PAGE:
Baylor enters as the No. 11 offensive rebounding team in the country. Arizona is 122nd in defensive rebounding, the worst it has rated since 2009-10, Miller’s first season.
Baylor’s 6-foot-9 senior Freddie Gillespie is the No. 12 offensive rebounder in the country and the Bears still have 6-foot-5 Mark Vital, who had nine offensive (and eight defensive) rebounds in the win over Arizona last season.
“It wasn’t just last year, or even this year, it’s really been the last decade they’ve been one of America’s best offensive rebounding teams,” Miller said. “They recruit to it, they do it well. They’re incredibly physical. They don’t just do it with their bigs. They do it with their wings and bigs. And I think they beat you up on the glass. Last year, the rebound differential was, was embarrassing. ... Although it’s a brand new year, clearly we have a number of players that were in that game, and I don’t even think we have to remind them of what happened. They clearly know. So any team that plays against Baylor, first and foremost has to keep them off the offensive glass. And it’s not just the bigs, it’s going to be our entire team. And it’s not just our starting five, it’s going to be our bench as well.”
The 3-point battle
Baylor is capable of exploiting another one of Arizona’s weaknesses—3-point defense. The Bears are connecting on 39.6 percent of their 3s this year, the 20th-best mark in the country.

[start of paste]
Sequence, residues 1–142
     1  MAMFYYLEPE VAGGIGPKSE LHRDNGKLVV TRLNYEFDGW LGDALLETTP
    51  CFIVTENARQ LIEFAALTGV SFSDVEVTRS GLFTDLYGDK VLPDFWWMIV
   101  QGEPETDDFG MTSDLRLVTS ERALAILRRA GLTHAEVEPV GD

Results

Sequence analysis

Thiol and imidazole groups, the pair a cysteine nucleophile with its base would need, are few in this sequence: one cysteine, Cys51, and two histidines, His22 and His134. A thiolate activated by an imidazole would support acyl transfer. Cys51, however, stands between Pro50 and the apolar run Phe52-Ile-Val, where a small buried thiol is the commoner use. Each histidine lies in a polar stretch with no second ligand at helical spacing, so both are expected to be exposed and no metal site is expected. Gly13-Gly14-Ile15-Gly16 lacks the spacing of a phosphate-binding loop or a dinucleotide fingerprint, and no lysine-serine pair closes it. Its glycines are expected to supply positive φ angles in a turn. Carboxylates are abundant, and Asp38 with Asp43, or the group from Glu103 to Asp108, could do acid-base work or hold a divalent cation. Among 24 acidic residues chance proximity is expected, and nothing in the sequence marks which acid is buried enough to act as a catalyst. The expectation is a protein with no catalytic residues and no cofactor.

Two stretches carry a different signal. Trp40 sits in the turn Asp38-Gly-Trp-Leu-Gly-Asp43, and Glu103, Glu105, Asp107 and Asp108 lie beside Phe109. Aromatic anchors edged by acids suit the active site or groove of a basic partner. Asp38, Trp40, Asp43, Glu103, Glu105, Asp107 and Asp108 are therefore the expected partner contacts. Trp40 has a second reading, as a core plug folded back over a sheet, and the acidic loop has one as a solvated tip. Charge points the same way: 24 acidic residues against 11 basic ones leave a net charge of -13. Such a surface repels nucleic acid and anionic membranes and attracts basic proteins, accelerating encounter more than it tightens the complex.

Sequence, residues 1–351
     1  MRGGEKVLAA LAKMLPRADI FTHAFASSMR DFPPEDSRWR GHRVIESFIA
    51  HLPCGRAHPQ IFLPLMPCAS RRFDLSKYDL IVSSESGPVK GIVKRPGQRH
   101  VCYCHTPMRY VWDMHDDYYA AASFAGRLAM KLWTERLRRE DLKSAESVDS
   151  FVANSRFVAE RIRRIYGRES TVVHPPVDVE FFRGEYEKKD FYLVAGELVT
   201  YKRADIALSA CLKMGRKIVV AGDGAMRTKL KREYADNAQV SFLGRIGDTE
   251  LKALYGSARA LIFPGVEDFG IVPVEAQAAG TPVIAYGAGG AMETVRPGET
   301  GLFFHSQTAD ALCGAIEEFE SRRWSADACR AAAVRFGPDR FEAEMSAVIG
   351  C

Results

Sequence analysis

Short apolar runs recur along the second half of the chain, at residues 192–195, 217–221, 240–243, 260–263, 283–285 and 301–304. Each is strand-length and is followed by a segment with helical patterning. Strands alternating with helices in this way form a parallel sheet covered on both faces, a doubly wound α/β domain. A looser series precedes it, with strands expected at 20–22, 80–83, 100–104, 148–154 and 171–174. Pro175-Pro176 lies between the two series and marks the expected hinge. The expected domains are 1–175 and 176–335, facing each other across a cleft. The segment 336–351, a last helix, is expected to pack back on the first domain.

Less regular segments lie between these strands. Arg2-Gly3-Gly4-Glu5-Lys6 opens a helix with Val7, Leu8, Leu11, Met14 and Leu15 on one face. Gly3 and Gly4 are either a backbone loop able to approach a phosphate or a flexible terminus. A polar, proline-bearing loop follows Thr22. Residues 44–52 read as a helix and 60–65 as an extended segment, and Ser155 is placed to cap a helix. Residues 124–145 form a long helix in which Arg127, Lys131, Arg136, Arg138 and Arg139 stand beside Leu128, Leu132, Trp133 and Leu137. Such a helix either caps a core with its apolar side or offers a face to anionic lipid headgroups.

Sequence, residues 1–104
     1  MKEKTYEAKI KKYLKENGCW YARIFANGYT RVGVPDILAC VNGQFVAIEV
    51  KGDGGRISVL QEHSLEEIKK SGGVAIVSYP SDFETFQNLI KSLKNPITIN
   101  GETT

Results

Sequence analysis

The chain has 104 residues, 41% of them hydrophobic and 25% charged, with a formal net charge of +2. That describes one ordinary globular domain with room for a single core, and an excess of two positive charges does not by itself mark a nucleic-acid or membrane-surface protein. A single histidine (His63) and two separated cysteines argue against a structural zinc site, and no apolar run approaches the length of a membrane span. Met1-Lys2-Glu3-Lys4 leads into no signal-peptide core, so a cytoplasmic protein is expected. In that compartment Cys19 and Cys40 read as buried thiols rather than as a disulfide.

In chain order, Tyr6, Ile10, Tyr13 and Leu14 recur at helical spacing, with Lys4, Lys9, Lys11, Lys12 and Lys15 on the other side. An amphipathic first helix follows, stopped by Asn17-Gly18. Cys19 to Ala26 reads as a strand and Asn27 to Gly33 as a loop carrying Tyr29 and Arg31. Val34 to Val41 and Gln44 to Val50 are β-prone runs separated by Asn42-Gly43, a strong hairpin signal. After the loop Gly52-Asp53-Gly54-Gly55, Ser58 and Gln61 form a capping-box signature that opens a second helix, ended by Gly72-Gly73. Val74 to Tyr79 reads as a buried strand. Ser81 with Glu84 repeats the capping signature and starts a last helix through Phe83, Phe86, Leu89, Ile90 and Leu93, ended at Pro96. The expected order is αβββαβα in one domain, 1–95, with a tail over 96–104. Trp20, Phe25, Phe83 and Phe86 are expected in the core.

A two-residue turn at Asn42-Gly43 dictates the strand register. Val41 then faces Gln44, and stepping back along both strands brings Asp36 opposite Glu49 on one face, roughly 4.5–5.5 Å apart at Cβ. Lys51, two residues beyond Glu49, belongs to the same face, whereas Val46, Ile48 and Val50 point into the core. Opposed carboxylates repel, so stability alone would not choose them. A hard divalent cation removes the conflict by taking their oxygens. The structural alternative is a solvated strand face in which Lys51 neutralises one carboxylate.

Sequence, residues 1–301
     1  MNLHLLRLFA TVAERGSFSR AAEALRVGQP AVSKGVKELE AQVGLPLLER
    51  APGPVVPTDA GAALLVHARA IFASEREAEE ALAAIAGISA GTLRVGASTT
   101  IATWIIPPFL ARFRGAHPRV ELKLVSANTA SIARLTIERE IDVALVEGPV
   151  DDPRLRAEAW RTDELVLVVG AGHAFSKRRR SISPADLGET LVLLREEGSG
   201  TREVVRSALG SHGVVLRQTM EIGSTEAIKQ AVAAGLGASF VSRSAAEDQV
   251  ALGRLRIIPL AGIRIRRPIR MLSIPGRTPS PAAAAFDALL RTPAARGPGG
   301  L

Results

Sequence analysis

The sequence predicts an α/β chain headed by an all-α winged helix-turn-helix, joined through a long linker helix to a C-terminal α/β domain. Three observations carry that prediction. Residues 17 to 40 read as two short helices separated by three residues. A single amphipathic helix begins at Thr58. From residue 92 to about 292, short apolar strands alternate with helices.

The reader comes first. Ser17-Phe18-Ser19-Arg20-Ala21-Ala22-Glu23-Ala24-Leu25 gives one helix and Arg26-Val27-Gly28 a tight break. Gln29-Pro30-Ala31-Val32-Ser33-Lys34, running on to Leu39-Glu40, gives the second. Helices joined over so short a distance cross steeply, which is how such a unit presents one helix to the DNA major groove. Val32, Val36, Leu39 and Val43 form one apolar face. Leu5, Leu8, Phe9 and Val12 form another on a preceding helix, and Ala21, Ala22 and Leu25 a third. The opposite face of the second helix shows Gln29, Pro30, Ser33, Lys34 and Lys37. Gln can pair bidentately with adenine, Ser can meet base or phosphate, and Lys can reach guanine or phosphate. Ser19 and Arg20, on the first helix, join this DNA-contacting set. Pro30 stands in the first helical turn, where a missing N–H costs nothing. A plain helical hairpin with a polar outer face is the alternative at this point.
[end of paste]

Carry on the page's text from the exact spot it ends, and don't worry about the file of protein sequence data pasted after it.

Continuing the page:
Arizona is coming off a Wooden Legacy tournament in which it allowed its opponents to shoot 40.3 percent from distance.
“The guys who have practiced, that’s clearly something we’re working on,” Miller said. “Baylor, man, they challenge you from the 3-point line.”
It all starts with Jared Butler, a 6-foot-3 guard who is averaging a team-high 19.4 points per game and shooting a scintillating 26-for-50 from 3.
“I saw him this summer in USA Basketball,” Miller said. “Offense comes easy, he’s also an outstanding defensive player. I love him, he’s tough. They have four guards that they play, they rotate in at those three spots. They don’t really have a weak spot. Five different positions they can all play, they can all score. I think the narrative is out there, they may be the best collective group of guards in college basketball. It will be a real big challenge.”
As Miller alluded to, the other 3-point shooter to know is Butler’s backcourt mate, MaCio Teague. The UNC Asheville transfer is shooting 40 percent from distance this season, which is actually a few ticks below his career average.
“It has to be more urgent,” Lee said of Arizona’s 3-point defense. “It has to be something we want to do. You gotta get down and chop your feet, close out with high hands. You gotta do it every time. You can’t jump, you can’t go for ticky-tack fakes. You gotta be on point.”
Baylor’s 1-1-3 zone